In one of the most groundbreaking moves of the 2012-13 NBA season, the Oklahoma City Thunder traded reigning Sixth Man of the Year James Harden to the Houston Rockets. Two games into his tenure with the Rockets, we'd begun the talks of his MVP candidacy.
Four games later, we're not so sure that he's ready for said burden of expectations.
Although Harden has managed to lead the Rockets to a 3-3 record, his production has taken a significant dip from his early-season average of 41.0 points per game. Although that could only be expected, his all-around drop in efficiency was not.
Which is exactly why we've declared his greatness too soon.
Now, this is not to say that Harden is incapable of becoming an NBA star. He has the scorer's mentality to take over a game, as well as the versatility as a facilitator to lead a high-octane offensive attack.
Without Kevin Durant and Russell Westbrook beside him, however, we're learning what the 2012 NBA Finals had already taught us. Harden is not yet an NBA superstar, but is instead a star on the rise.
In Houston, he just so happens to have the exposure to over-glorify either failure or success. Here's why we've done just that with the latter.
As previously alluded to, James Harden opened up his campaign with the Houston Rockets by posting 37 points against the Detroit Pistons and 45 against the Atlanta Hawks—good for a 41-point average through two games.
Which is exactly why we shouldn't have overreacted.
There was no chance that Harden could maintain such a prolific scoring pace. What was expected, however, was for The Bearded One to continue to score at a high rate after shooting 49.1 percent from the field in 2011-12.
Not so fast.
Since his early-season heroics, Harden is shooting just 32.4 percent from the floor. That has come on an average of 17.8 shot attempts per game, which is the primary reason the Rockets have lost three of their past four games.
But why the sudden change in results?
Elite Defenders = Horrific Results
During Harden's first two games, he was defended by the likes of Rodney Stuckey, Devin Harris and Kyle Korver. With all due respect to said opponents, he might as well have gone the entirety of the stretch with no one on him.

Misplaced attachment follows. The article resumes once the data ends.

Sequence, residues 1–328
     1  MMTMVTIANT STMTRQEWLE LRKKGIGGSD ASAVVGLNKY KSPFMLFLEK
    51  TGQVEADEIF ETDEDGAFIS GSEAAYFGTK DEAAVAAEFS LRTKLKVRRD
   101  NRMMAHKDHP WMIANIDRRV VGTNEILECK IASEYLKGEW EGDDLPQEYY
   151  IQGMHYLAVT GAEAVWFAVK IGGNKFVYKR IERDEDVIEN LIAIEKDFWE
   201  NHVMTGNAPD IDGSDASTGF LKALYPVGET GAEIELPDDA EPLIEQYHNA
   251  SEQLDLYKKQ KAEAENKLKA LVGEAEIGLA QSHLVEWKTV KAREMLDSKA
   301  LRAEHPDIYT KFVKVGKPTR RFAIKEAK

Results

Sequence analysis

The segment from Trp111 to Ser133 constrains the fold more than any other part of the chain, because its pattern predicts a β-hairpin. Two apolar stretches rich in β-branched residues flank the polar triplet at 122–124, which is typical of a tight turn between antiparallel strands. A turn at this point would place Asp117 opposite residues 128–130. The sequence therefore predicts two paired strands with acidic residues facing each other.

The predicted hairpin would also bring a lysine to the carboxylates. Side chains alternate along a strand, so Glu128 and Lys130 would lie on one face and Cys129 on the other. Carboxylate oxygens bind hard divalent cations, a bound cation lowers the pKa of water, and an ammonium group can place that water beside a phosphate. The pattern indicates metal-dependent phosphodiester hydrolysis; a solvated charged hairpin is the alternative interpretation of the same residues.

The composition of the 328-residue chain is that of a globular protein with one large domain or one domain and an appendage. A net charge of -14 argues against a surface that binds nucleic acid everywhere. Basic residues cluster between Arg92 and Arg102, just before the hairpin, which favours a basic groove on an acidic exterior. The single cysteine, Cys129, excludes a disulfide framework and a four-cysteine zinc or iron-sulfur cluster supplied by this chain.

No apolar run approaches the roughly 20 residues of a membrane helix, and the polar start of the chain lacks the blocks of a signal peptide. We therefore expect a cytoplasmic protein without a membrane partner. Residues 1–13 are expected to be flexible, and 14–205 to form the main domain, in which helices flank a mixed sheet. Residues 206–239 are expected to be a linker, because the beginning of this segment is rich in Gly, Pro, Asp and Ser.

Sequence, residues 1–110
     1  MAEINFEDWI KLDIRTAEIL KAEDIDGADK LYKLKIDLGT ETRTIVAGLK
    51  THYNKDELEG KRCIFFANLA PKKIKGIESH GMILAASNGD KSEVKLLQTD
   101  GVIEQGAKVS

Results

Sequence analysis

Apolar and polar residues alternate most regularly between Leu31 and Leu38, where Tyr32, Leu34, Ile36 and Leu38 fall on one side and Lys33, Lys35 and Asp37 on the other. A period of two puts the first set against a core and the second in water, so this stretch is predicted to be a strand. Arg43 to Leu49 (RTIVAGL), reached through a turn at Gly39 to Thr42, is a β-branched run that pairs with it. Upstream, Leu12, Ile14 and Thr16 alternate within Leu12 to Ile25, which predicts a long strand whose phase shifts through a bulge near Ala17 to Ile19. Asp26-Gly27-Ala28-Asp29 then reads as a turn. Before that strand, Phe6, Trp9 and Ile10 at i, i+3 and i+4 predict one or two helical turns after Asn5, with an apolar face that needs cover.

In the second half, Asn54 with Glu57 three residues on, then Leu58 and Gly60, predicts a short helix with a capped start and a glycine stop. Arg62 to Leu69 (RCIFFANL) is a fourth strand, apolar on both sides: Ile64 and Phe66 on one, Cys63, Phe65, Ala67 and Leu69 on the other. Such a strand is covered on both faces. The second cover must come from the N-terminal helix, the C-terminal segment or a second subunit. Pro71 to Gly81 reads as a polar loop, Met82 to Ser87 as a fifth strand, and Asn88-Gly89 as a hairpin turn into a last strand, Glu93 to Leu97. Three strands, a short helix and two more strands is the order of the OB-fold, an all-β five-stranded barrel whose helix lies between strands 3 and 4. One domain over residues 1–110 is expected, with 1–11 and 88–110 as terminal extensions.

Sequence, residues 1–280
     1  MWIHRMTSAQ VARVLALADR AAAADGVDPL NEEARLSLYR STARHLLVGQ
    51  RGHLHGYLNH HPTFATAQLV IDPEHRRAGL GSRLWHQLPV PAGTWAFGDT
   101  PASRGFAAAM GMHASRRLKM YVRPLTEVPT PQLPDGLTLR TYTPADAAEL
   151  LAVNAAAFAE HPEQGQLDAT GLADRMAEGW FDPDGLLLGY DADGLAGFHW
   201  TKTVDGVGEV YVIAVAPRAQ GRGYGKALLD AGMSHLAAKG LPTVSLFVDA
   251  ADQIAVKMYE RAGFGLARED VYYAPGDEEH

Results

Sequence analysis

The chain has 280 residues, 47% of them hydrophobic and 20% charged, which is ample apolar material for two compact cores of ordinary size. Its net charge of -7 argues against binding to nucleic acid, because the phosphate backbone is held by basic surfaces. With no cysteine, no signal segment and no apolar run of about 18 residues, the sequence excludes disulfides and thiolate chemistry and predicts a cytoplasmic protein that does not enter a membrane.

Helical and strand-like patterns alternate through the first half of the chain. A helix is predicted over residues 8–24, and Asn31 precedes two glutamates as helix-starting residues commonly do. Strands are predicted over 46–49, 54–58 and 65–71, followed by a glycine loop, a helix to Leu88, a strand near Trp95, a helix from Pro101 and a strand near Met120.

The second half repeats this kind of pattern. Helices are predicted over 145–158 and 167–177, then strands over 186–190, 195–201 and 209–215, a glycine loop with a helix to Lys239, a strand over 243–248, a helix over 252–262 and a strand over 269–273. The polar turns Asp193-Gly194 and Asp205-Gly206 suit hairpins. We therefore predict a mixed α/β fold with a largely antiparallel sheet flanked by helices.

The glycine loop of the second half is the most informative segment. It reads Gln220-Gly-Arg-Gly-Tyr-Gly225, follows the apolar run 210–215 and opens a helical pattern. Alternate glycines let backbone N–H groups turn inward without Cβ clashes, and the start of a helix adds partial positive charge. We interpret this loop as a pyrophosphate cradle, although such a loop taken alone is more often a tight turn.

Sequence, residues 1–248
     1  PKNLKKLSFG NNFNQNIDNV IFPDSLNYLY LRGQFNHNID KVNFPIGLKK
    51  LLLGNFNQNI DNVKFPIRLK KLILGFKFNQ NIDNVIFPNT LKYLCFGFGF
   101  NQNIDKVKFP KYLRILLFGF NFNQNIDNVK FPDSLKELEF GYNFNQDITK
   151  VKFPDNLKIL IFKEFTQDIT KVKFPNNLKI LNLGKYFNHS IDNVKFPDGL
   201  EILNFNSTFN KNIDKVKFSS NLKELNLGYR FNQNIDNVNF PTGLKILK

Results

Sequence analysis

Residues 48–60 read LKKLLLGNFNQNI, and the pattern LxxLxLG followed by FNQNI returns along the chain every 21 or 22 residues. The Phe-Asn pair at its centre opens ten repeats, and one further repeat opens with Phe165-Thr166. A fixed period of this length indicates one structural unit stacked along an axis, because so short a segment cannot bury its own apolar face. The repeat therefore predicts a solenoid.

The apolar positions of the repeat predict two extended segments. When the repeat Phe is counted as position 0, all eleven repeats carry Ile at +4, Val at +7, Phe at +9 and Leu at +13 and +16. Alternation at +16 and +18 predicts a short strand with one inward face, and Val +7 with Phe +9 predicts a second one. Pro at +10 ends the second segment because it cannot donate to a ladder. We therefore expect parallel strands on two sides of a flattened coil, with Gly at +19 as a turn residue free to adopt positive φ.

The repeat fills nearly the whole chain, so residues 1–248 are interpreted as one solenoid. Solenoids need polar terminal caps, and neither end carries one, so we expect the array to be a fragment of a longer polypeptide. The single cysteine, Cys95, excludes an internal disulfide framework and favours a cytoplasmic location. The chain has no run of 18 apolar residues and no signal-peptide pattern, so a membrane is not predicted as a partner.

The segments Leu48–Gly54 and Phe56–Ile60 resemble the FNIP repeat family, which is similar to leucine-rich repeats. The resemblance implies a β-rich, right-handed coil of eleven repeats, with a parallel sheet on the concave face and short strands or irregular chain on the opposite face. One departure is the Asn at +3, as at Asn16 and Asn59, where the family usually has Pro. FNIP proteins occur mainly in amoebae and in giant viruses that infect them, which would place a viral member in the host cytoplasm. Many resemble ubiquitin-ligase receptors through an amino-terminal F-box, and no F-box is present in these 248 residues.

The results remain impressive, but how about the next four games?
When faced with Wesley Matthews of the Portland Trail Blazers, Harden shot 8-of-24 from the floor and committed five turnovers. Against Andre Iguodala of the Denver Nuggets, Harden was 5-of-15 and coughed up six turnovers.
Two nights later, Tony Allen forced The Bearded One into 4-of-18 shooting and another five turnovers.
In other words, Harden has proven to be a fraud when faced with elite defenders. He shot 17-of-57 against Matthews, Iguodala and Allen, committing a collective 16 turnovers in just three games.
Biased fans can chalk that up to whatever they'd like—Harden simply has not been able to handle the focus that a superstar scorer commands. Which is all the evidence you need to prove that he's not yet ready for the level of greatness we expect of him.
Give Him Time
With all of this being said, we must give James Harden some time to adjust to his new role.
Through all of the chides, there is truth to the fact that Harden had never once played an NBA game without the likes of Russell Westbrook and Kevin Durant alleviating the defensive pressure. In turn, his deficiencies were masked and his virtues glorified.
As the most prominent player on the Houston Rockets, however, that luxury has been lost.
Only a severe decline in production from Jeremy Lin could provide shelter from the media. Only a second period of Linsanity could do the same from opposing defenses.
In due time, Harden will rediscover the All-Star-caliber form he has long flashed. He simply needs to adjust to the defensive pressure being sent his way, as well as the task of learning his teammates' tendencies and preferences.
Upon doing so, look for Harden to reemerge as an MVP candidate. Until then, accept the growing pains as what they are: inevitable.